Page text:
where KB is the Boltzman constant, T is the absolute temperature, β is the voltage-to-displacement conversion factor, η is the viscosity of the buffer solution (PBS in this case), r is the radius of the trapped particle, fc is the corner frequency (a characteristic frequency of the system), and f is the frequency. In this particular example, the best fitted value of the conversion factor β (fitted in the region of the power spectrum where f≫fc) was β = 0.8 μm/V as is illustrated in Fig. 4. The power spectrum method described above allows us to conveniently obtain the voltage-to-displacement conversion factor for the trapping of each micro-particle in a fiber-optical dual-beam trap under each specific set of experimental conditions. Besides, in contrast to the dragging approach, the results obtained by this method do not rely on the resolution of the incoherent image on the pixilated CCD camera. Hence, the power spectrum method was used to calibrate the QPD output voltage to the particle displacement for all the experimental results presented in the following sections.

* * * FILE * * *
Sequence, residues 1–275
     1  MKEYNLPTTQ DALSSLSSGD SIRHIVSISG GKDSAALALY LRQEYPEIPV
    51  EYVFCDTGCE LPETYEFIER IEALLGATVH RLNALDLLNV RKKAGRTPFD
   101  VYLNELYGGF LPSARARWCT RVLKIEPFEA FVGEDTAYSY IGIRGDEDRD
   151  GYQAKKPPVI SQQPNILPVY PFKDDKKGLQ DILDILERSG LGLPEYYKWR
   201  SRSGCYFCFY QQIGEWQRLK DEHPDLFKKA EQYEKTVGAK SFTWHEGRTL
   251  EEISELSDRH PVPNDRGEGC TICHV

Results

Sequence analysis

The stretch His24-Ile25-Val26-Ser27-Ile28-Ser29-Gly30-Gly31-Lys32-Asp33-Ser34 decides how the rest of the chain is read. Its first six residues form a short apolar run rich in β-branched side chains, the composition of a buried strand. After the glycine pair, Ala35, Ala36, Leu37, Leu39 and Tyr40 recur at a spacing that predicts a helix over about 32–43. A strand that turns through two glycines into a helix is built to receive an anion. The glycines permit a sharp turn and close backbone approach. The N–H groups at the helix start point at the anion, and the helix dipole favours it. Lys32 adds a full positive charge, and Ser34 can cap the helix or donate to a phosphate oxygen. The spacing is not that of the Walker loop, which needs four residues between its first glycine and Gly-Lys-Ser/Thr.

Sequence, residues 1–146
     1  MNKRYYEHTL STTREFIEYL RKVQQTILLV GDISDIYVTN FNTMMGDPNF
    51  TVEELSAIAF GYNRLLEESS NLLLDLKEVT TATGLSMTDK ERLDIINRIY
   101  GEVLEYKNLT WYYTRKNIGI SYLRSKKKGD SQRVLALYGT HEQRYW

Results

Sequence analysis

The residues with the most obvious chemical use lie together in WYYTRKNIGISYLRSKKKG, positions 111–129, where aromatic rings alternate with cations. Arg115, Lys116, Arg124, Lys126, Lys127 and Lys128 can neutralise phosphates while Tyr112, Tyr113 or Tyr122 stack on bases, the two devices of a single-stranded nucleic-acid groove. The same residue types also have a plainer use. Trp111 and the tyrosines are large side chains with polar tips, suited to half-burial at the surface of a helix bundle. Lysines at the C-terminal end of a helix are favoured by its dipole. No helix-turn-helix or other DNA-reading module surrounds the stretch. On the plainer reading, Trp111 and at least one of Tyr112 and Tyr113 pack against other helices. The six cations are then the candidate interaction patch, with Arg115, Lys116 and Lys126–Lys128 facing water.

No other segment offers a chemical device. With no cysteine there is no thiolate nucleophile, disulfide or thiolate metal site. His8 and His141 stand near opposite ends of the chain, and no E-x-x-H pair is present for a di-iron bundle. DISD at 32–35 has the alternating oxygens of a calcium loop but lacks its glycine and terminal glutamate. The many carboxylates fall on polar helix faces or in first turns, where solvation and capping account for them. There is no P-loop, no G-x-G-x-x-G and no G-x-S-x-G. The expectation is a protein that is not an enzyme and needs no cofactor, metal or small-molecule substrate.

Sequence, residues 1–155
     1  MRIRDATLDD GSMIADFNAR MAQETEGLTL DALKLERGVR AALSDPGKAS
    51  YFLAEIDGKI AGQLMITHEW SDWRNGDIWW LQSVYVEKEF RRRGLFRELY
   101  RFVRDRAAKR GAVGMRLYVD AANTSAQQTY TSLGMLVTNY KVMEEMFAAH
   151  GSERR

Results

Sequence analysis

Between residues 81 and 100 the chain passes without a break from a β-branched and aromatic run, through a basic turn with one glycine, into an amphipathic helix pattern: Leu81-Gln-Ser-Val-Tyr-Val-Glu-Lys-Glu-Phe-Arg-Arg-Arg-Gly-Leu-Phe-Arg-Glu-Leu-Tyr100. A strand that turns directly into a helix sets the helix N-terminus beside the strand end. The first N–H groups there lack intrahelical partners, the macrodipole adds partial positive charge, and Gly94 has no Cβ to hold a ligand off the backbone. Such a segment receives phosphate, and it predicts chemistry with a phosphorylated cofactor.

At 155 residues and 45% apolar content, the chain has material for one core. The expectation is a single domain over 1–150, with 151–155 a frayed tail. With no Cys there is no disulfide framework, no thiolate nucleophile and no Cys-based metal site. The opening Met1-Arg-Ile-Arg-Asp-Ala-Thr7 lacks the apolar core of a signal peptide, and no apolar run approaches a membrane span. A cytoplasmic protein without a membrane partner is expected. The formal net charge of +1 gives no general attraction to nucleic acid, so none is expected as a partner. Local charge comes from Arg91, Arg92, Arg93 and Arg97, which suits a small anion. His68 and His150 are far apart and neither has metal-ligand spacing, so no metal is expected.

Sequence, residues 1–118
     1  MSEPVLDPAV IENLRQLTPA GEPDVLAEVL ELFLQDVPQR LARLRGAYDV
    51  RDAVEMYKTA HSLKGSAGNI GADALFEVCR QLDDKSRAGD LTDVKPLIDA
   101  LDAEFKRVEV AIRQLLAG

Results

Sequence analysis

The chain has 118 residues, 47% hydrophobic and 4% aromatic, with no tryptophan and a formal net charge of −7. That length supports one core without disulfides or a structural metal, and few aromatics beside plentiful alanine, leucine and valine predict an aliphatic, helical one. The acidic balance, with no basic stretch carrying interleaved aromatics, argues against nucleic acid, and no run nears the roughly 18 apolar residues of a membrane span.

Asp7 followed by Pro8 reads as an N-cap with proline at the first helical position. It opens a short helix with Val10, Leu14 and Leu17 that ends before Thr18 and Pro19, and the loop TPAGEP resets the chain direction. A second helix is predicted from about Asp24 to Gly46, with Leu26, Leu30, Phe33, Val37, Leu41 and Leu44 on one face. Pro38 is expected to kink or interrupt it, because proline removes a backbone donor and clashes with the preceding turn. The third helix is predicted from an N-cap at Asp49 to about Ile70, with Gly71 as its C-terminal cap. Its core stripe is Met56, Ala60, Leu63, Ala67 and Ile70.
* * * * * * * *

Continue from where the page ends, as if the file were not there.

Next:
3. Experimental results
We tracked the three-dimensional Brownian motion of a micro-particle trapped in a fiber-optical dual-beam trap, and analyzed its position distribution to obtain the optical force field approximated by a three-dimensional parabolic potential well . Under the parabolic potential approximation and the classical Boltzmann statistics the associated optical force constant along each axis can be calculated from the following two Eqs.  :
where ρ(z) is the probability function of the trapped particle position along the z -axis, C is the normalization constant, E(z) is the potential energy function along the z-axis, KB is the Boltzmann constant, and kz is the optical force constant along the z-axis. Identical set of Eqs. also apply for the x-axis and the y-axis. As a specific example, a set of experimental data representing the parabolic potential E(x) and E(z) of the optical force field on a 2.58μm diameter silica particle in a fiber-optical dual-beam trap (total trapping power = 22mW, distance between the fiber end-faces = 125 μm,) is depicted in Fig. 5. The solid lines represent the theoretical curves based on Eq. (3) given above; the corresponding optical force constants, defined by Eq. (3), were kx = 0.161 pN/μm, and kz = 0.0443 pN/μm. The force constant along the optical axis is weaker than those along the transverse axes, which is consistent with the theoretical results reported earlier . This is also true in the case of optical tweezers .